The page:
Have you ever noticed that you are more emotional when talking or listening your native language than in a foreign language?
When my son, who is trilingual, tells me ‘I love you Mum’ in my native language, I feel tears coming to my eyes. If he says the same in his native language, English, I smile gently. I perfectly understand what he says. But my eyes keep dry. The emotions simply do not seem so deep in a foreign language, even when you’re a fluent speaker.
So be aware of the language you choose in some situations! This might influence the outcomes. For example, in business situations and whenever you need to take decisions.
A series of several experiments published by a team from the University of Chicago illustrate that the involvement of emotions in a native language and in a second language has implications in decisions making.
Typically in a choice involving a risk of loosing and a risk of making a profit, we all tend to be risk aversive. This result has become a classic finding for economists and psychologists. This means that humans are not totally rational and do not make choices based solely on their best statistical chances: Most of us in most situations will tend to avoid losses even if this means that we reduce our chances to get big gains. In other words we are conservative. Fear is a much stronger motivator than hope.
The researchers found that this systematic bias was reduced when negociations took place in a foreign language. The study was run in several countries and in various languages to prevent cultural and language biases. They interpreted that there is less emotional involvement in situations where the interactions take place in a foreign language. In this case, this helps making decisions that are more rational, and less driven by the fear of loosing.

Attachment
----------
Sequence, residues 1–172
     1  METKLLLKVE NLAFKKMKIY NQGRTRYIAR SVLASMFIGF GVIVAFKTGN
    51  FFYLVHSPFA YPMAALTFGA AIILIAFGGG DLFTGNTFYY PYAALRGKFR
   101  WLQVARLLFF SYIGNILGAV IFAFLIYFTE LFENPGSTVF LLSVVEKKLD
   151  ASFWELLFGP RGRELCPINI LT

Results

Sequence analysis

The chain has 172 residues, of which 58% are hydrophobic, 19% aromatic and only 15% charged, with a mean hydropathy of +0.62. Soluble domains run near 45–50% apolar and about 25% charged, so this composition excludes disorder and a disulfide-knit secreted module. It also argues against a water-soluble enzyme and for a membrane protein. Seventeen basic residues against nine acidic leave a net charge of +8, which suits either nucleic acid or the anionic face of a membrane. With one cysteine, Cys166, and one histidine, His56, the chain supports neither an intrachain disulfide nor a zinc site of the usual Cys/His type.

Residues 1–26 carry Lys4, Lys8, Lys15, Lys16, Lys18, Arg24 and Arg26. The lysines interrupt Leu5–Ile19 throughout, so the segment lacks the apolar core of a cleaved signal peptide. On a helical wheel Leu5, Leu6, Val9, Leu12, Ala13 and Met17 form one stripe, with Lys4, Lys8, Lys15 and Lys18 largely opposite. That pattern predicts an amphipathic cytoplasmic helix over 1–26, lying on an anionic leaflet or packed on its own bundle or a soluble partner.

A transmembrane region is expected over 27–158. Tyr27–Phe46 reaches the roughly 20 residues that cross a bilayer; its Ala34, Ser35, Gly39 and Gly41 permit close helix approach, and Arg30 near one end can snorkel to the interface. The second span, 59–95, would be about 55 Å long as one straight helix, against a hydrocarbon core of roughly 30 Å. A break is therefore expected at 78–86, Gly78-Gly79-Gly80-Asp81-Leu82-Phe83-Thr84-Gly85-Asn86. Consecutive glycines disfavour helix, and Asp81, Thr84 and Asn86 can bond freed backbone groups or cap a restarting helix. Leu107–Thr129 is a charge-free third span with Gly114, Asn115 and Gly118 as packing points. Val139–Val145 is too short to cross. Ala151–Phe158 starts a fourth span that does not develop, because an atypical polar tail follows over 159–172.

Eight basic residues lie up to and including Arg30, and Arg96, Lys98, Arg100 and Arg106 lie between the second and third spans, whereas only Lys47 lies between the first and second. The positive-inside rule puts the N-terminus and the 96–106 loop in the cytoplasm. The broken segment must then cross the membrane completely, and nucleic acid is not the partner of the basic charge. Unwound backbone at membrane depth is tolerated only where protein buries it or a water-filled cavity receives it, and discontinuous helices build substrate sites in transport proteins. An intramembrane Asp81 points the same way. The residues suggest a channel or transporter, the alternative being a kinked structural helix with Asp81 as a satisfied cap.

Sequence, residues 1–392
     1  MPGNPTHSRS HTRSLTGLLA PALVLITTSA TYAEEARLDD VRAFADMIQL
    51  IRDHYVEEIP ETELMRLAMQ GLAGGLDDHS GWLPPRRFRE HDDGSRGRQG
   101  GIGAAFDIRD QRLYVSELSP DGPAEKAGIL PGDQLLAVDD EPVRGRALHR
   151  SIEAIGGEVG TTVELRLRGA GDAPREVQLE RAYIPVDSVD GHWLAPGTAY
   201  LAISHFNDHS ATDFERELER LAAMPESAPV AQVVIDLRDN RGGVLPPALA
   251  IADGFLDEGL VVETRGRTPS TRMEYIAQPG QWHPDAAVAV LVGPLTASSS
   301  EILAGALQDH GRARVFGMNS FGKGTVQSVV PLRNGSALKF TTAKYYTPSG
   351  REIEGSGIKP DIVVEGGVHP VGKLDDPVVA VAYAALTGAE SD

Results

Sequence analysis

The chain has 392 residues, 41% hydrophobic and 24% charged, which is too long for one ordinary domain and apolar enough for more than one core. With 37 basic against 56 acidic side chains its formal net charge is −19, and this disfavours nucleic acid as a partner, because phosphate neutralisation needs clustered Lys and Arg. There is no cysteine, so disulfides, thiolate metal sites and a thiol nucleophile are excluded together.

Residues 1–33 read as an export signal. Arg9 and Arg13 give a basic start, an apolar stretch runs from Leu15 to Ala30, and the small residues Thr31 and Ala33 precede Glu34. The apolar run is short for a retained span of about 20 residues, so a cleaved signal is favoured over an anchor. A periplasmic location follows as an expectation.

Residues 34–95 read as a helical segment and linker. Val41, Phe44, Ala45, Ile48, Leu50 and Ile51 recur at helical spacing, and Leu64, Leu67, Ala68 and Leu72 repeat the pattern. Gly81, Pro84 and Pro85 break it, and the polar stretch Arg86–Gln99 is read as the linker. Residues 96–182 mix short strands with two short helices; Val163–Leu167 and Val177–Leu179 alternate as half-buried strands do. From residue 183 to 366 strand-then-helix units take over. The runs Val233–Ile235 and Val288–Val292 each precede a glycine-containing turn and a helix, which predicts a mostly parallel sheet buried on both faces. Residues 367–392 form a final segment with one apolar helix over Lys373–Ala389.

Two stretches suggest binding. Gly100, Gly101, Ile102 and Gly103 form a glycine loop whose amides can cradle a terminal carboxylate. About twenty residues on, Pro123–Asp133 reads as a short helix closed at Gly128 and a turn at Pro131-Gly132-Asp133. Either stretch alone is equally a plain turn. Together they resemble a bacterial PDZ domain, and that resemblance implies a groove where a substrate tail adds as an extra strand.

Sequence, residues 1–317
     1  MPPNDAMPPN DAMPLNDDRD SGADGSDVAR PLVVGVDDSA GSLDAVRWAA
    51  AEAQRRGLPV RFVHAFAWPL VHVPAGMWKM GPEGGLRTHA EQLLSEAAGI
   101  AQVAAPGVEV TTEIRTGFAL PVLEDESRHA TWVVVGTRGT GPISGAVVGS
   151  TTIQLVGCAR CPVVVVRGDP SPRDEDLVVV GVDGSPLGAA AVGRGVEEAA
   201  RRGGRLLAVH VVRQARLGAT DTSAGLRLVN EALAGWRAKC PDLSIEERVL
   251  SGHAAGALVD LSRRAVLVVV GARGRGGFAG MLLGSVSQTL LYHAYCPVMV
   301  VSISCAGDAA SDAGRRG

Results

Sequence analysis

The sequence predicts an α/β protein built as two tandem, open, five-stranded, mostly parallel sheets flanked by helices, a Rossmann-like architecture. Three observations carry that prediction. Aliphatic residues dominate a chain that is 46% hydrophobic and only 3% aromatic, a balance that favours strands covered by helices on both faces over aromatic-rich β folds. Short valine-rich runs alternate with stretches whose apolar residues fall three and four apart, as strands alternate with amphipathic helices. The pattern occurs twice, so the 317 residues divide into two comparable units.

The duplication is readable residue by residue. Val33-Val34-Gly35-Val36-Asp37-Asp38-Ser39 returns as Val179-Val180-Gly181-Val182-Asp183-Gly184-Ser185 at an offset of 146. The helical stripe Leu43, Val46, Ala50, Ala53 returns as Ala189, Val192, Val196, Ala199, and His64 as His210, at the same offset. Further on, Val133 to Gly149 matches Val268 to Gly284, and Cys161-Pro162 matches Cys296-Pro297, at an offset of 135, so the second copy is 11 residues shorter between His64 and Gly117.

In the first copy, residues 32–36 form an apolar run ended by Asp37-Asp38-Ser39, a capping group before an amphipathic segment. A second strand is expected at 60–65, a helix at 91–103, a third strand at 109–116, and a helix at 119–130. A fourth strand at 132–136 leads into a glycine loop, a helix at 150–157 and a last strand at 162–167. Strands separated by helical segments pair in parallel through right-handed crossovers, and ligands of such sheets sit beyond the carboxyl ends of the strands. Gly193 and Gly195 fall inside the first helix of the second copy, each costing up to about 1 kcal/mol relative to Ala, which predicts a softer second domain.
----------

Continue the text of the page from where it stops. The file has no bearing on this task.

So while it’s frustrating to be often in situations where making jokes or talking about one’s feelings is made more difficult by the use of a foreign language, living in a foreign culture also has its advantages: by using a foreign language, you are slightly more detached from your emotions, including fears, and can think and act more rationally.
You can read more here:
Press release: http://www.sciencedaily.com/releases/2012/04/120425093938.htm
Original paper: http://pss.sagepub.com/content/early/2012/04/18/0956797611432178
And to go further:
The risk versus gain paradigm is a very powerful way to study decision making and goes far beyond the ’15 dollars bets’ that the researchers typically manipulate. To go further, you can read the superb book of Daniel Kahneman “Thinking Fast and Slow.” It’s written for a lay audience and explains how we make decisions, including of course, humiliating descriptions of our systematic limits and biases. An eye opener. In English.